Ordering desires : rhetoric and virtue in Milton's Paradise Lost.


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Critics have long recognized that the writings of John Milton unite elements of biblical narrative with imaginative construction. However, despite Milton's explicit appreciation for Spenser, less critical attention has been given to the way Milton's epic inculcates particular virtues. Milton famously acknowledged in Areopagitica that "a fool will be a fool with the best book, yea or without book" (CPW 2.521); nevertheless, Milton's poetic practice reveals his persistent belief that poetry could induce some reordering of the desires that constitute virtue. The goal of this dissertation is to provide new insights regarding the way that Milton's Paradise Lost uses the rhetorical canons of invention (inventio) and arrangement (dispositio) in order to achieve its explicit and implicit persuasive goals. In addition to identifying the rhetorical features at work, my purpose is to show how the elements of invention and arrangement actively unite persuasive means and persuasive ends. By focusing specifically on how Milton reveals the character of the cardinal virtues of courage, temperance, and wisdom, I show that Milton's rhetoric is primarily demonstrative in its revelation of a vision of reality. Ultimately, I argue that Paradise Lost relies on these persuasive elements to move audiences inside and outside the text to delight in particular virtues.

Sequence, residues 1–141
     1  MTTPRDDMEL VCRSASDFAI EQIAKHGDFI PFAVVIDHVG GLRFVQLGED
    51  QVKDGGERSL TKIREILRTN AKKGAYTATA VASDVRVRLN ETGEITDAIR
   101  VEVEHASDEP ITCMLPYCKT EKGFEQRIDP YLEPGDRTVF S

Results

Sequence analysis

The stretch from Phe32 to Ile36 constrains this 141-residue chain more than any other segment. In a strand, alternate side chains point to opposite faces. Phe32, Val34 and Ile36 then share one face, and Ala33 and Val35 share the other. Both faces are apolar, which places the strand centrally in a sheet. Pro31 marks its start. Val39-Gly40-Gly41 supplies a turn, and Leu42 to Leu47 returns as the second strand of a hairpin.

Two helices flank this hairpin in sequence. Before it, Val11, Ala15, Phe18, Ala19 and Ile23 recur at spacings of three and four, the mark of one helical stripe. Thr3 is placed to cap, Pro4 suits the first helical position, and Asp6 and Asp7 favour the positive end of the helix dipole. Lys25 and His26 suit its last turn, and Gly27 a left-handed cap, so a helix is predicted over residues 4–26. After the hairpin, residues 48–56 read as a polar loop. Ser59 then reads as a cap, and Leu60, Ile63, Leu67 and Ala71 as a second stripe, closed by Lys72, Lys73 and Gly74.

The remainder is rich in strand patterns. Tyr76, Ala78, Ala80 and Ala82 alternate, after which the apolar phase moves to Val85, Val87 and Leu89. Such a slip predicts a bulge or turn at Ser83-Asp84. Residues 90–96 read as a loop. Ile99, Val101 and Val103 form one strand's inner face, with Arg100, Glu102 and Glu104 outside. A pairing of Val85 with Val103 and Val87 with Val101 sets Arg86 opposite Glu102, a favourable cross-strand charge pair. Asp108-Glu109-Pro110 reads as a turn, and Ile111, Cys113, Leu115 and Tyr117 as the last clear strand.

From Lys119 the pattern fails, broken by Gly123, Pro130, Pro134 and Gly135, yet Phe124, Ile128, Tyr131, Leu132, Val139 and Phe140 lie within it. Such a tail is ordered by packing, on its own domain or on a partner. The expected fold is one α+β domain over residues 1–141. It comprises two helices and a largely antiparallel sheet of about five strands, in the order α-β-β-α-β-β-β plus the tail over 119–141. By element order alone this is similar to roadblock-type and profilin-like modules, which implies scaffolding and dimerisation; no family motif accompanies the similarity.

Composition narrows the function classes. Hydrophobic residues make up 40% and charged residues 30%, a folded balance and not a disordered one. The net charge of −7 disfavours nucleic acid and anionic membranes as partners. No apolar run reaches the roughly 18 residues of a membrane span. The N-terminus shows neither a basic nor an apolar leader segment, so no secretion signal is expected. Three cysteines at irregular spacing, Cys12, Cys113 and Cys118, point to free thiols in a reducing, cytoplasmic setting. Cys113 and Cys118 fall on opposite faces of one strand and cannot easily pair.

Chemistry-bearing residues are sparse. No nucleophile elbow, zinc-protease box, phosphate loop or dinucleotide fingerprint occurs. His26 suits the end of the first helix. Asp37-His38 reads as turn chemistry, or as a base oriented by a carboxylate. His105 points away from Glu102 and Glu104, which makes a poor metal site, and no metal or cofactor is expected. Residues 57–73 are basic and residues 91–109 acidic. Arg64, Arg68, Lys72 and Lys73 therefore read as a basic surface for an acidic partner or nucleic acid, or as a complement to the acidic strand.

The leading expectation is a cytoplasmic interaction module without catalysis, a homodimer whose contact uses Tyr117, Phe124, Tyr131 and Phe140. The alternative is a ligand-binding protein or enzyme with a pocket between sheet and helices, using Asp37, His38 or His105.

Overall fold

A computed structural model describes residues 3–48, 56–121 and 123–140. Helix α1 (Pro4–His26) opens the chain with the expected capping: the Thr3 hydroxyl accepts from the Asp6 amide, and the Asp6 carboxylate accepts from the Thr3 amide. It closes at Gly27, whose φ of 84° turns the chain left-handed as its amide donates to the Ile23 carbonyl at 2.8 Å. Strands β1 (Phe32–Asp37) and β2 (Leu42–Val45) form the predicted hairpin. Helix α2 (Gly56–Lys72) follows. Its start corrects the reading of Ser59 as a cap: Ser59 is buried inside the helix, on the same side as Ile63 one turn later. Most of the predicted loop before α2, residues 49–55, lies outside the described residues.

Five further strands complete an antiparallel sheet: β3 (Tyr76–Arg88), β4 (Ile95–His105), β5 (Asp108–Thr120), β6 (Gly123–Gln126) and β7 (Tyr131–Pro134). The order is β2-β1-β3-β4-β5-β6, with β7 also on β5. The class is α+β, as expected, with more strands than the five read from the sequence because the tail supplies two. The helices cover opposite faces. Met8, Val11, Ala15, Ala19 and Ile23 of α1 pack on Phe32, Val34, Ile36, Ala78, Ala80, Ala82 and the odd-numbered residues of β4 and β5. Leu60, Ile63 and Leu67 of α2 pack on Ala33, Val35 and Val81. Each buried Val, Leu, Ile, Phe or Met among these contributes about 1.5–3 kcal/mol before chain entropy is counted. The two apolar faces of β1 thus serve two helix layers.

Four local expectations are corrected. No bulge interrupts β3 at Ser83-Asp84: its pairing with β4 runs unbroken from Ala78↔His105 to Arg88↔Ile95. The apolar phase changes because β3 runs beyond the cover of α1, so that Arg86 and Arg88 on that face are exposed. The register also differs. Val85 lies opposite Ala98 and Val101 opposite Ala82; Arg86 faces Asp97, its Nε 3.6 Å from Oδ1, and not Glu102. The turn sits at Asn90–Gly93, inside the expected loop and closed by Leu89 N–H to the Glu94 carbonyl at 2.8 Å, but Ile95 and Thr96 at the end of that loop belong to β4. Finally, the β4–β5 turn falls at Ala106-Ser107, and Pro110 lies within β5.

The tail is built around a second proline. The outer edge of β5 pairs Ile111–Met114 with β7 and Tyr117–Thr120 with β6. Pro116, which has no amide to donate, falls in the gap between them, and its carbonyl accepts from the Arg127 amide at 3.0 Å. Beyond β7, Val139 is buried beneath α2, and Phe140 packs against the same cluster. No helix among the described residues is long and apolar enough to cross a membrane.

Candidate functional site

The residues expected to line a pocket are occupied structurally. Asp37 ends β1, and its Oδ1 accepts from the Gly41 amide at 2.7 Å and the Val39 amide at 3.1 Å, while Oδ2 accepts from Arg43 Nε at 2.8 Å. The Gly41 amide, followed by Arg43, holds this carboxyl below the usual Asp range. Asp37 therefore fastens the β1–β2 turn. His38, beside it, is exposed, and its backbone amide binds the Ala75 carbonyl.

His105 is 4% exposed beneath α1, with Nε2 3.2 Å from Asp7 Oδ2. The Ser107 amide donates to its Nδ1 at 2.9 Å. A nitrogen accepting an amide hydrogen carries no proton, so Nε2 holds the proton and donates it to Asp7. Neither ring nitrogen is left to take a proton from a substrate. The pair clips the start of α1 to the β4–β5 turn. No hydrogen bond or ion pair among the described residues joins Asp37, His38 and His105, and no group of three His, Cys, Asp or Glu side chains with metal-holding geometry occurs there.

John Milton. Paradise lost. Virtue. Rhetoric.